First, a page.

As a qualitative researcher I am interested in how people reconcile contrary ideas. In San Francisco a few blocks from Super Bowl City the movie “Concussion” is playing. I can’t help but wonder how people make sense of the opposing motives inherent in these two cultural events.
So I posted a query on my personal Facebook page (aka “convenience sample”) to see what I might find. Here are the themes that emerged:
The movie reflects how the sport may be moving in a positive evolutionary direction
“Since the beginning of human societies we have invented games and rites of passage. In football you have an organized sport with rules, coaches, physicians, and protective gear. Already the rules are changing to stop contact that is likely harmful.
During these last 20 years, the players are bigger, faster, and the stakes are higher. The players could quit hurting each other and perhaps we are evolving in that direction.
Certainly, there is a spotlight on the problem. Football is a complicated game with many skill sets. It isn’t going to stop so let’s increase player safety in every way possible.”
“Without the physicality & collisions, it just isn’t the same, but that part of the game is evolving too. They used to get away with a lot more.”
Tim, San Francisco Bay Area
“Ultimately it’s a top-down change that needs to happen. The NFL has it in its power to regulate the game play so it creates less injury and risk. Younger players will watch and have new perceptions about the “best” way to play the game.”
Carole, San Francisco
Football might become extinct
“So the sport is one thing, the business, and that way they lied about concussion research, well that and other issues slowly kill a little piece of my NFL love every year. The NFL is like the Roman Empire, its hubris & gluttony will be its downfall someday. Its greed & too-big-to fail attitude will eventually lead to trouble for the league, and doom the sport. As much as I love the sport of football, the game itself, the evil empire feel of the NFL — mixed with the public’s evolution in tastes away from a brutal game — will lead to it no longer being the big dog someday. Football is a toned-down version of Gladiators. We keep progressing as a civilization in that at least. But something new will come along and take over some day or maybe baseball gets its spot back.”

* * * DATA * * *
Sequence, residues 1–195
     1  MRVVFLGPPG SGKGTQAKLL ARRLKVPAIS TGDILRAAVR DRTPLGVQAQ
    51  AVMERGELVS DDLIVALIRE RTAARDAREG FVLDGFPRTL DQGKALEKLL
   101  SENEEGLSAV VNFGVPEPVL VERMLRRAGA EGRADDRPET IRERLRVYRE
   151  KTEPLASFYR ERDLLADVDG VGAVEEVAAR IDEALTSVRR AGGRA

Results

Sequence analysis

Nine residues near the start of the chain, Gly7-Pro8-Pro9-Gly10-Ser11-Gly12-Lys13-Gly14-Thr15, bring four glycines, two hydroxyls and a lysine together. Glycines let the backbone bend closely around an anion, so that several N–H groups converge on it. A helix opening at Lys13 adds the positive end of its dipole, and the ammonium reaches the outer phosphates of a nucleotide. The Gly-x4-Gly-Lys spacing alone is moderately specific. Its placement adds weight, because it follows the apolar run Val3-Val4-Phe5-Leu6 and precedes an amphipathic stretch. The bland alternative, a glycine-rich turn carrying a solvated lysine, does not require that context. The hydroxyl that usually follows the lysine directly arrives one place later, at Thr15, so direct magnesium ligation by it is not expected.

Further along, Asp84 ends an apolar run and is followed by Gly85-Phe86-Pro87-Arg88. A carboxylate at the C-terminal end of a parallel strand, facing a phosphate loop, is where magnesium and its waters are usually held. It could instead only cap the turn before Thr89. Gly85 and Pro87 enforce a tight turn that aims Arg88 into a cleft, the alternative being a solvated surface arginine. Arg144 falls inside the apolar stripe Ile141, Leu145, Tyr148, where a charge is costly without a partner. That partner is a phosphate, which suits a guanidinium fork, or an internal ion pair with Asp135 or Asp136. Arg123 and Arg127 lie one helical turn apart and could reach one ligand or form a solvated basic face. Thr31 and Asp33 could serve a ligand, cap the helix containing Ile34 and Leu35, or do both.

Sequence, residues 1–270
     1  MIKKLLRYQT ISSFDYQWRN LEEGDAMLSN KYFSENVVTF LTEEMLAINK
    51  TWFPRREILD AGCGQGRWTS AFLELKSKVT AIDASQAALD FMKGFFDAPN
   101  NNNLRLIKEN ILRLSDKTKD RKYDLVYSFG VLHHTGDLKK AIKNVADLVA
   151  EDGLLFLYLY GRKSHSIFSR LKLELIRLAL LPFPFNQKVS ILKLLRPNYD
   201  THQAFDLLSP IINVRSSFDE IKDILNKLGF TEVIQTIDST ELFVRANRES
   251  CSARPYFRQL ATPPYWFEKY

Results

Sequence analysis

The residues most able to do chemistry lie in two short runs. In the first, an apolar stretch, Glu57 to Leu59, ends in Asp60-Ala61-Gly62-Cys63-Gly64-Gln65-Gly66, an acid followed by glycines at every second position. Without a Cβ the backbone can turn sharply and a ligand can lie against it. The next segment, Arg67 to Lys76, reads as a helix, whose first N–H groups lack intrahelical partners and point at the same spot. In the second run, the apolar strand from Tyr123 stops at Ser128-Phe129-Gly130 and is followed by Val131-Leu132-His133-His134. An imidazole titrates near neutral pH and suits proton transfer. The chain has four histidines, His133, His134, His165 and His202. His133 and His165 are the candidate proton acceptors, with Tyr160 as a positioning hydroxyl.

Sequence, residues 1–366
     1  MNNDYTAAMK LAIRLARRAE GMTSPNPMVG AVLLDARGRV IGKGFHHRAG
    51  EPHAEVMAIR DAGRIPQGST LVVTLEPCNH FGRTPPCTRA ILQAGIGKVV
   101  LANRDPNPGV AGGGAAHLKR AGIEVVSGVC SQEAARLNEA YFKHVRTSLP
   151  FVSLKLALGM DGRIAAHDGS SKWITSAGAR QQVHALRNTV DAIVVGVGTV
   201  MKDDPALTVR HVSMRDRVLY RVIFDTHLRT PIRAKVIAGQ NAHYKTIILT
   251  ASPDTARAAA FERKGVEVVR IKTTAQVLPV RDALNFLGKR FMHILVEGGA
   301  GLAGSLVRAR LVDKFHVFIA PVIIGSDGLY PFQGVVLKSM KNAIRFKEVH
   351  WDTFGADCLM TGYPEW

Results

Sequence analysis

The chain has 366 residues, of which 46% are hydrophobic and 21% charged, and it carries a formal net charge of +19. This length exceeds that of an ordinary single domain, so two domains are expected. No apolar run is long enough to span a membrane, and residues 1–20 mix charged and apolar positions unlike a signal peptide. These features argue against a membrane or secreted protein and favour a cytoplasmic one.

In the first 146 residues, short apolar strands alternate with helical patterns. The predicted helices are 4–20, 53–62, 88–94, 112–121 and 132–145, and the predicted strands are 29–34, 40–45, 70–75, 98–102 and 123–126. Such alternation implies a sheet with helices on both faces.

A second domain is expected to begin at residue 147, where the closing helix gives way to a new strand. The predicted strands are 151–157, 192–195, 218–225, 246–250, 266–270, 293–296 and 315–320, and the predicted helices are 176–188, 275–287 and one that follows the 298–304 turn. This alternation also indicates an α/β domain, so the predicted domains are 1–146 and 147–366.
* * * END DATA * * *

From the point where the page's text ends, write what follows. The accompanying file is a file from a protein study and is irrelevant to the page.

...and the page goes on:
Tim F., San Francisco Bay Area
“I gave up football a couple of years ago for this reason and many others.”
Ken, San Francisco Bay Area
“A lot of Bay Areans see bans restricting concussion-causing behavior as a no-brainer. Some parents are in favor of an all-out high school football ban.”
Carole, San Francisco
It is a conflict – and I live with it
“I’m conflicted. I enjoy the “fantasy” of football. I cringe at its reality”.
Christopher, San Francisco
“I feel conflicted, especially because Will Smith deserved an Oscar nod, and the film was overlooked by the mainstream. Like Albert Brooks’ character in the film said: “they OWN (NFL) a day of the week. So while I detest their tobacco industry-like cover-up, (and who knows what role they may have played in helping that movie NOT go anywhere,) I also find the SPECTACLE of the STUPOR Bowl hard not to watch.”
Marilyn, San Francisco
“I see many issues with an all-out high school football ban. In many communities across the U.S., high school football is the thing that brings people together – the “Friday Night Lights” phenomenon. For some young men, football is their only ticket out – a scholarship means the difference between going to college and not going to college. If they want to play for a desirable school/team, they have to play hard, and that means putting themselves at risk.”
Carole, San Francisco
“I think this is one of those things we do without trying to resolve cognitive dissonance – the pleasures of watching are divorced from the violence. While I know it’s real, it just doesn’t factor into my experience of the games. The real answer of course is that my dad liked football, so I just can’t help it.”
I took the conversation offline with my friend, futurist Ken Hamik. Over the last 36 years he has studied past/current/future trends to anticipate where the shifts will change where we will be. Culture, economics, technology, politics — all are part of sports. Ken sees dramatic changes in football’s place in American culture in the future we are trending.
“The NFL will either be radically safer or significantly diminished in 10 to 20 years,” says Ken. “Sports will probably be segmented with a small portion of the population engaged in extremely violent games at one end of the bell curve, and soft sports on the other end with the Olympics, baseball and basketball and possibly soccer in the middle being the most popular sporting events in the US. Oh, and by the way, I still love throwing a football.”
Contact SayWhat if you have questions about where things are headed in your industry, your start-up, your brand, or among the consumers about whom you care. We can help you explore the terrain and find answers.